By Korie Marshall

BC Hydro held a public conference call on April 23, outlining its forecast for river and dam operation on the Columbia River throughout the rest of 2014.

In mid April, Kinbasket Reservoir was at approximately 2380 feet. BC Hydro expects its level to rise to a maximum of 2469.6 feet (about 5 feet below normal full pool) in late August and early September. Kinbasket’s normal full pool – the highest level BC Hydro can bring it to without authorization from the Comptroller of Water Rights – is 2475 feet (754.38 metres).

BC Hydro brought the water level about one foot above normal full pool last September, partly because of work at Mica Dam to install switch gear for two new turbines. The high water levels last year meant wood debris was a concern for boaters and recreational users of the reservoir. Wood debris from incomplete logging activities when the valley was flooded in the 1970’s, as well as new debris from slides and erosion each year, collects on the shoreline as water levels recede throughout the winter. High water levels mean much of that debris can again move about the reservoir, clogging access sites and creating hazards for water craft. BC Hydro committed up to $600,000 in debris clean-up work last fall, and says the program has removed over 300,000 cubic meters (about 7,500 logging truck loads) of woody debris from the reservoir between 2007 and 2013.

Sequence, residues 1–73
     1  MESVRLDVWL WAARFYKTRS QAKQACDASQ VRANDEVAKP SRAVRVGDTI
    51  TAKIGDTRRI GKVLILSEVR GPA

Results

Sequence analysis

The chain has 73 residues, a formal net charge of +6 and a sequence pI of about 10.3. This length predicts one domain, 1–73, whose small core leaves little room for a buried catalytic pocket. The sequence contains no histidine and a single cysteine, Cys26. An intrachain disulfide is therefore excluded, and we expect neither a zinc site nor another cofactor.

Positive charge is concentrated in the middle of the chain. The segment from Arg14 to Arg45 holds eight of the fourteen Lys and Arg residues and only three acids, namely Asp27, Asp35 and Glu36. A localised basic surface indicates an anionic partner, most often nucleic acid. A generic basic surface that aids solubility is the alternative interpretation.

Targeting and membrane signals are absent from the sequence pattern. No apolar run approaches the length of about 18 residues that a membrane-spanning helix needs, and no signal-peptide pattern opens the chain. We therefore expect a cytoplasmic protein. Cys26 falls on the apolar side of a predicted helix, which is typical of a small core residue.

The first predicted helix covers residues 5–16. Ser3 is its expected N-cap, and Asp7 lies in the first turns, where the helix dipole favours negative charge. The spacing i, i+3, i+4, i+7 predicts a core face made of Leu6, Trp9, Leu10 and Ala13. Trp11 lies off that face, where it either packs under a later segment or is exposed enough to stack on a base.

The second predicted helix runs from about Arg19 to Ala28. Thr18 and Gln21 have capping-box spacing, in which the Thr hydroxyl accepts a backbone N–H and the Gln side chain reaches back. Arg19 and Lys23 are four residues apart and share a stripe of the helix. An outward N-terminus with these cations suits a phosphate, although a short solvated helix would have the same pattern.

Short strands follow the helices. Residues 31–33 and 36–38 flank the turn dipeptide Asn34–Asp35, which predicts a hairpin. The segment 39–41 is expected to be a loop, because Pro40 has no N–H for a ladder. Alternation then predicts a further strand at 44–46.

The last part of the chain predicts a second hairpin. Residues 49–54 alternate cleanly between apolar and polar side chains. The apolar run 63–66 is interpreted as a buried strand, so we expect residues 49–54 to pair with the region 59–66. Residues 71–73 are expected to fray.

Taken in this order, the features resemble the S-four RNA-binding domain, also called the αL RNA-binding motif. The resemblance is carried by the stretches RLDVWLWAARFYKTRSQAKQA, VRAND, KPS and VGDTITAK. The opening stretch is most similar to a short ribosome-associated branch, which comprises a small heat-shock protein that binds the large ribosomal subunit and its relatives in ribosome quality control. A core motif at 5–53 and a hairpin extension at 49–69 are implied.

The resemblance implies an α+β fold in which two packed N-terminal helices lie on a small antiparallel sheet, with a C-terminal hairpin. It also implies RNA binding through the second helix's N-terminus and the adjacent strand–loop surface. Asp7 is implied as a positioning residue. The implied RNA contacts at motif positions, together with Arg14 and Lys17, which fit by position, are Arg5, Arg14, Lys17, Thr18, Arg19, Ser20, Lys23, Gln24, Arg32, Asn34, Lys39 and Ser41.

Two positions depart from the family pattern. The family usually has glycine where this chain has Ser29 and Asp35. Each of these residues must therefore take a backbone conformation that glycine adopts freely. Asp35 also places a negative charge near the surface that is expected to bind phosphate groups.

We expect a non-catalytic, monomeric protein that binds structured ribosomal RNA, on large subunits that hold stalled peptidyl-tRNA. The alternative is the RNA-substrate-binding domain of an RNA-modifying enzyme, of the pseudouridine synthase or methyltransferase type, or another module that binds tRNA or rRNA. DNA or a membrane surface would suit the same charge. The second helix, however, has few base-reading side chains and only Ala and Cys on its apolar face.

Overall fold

Mica’s fifth turbine is expected to be operational this fall, with the sixth unit coming online in the spring of 2015. These two turbines will increase the Mica powerplant capability to approximately 2800 megawatts, making it BC Hydro’s largest powerplant.

Licensed levels for Revelstoke Reservoir are between 1,820 and 1880 feet, and BC Hydro says it is generally maintained at or above 1,875 feet (571.5 metres).

The Arrow Lakes Reservoir, controlled by Keenleyside Dam, is currently around 1405 feet, and is expected to be within four feet of normal full pool (1444 feet) in early July. Its peak water level in 2012 was 1445.3 feet.

Canada has only 15 per cent of the Columbia Basin area, but it produces about 30 to 35 per cent of the runoff for the entire basin. BC Hydro says dams on the Columbia River and its tributaries produce more hydroelectric power than any other river in North America. Four of the larger reservoirs in the river system are operated according to the Columbia River Treaty and other agreements between Canada and the United States.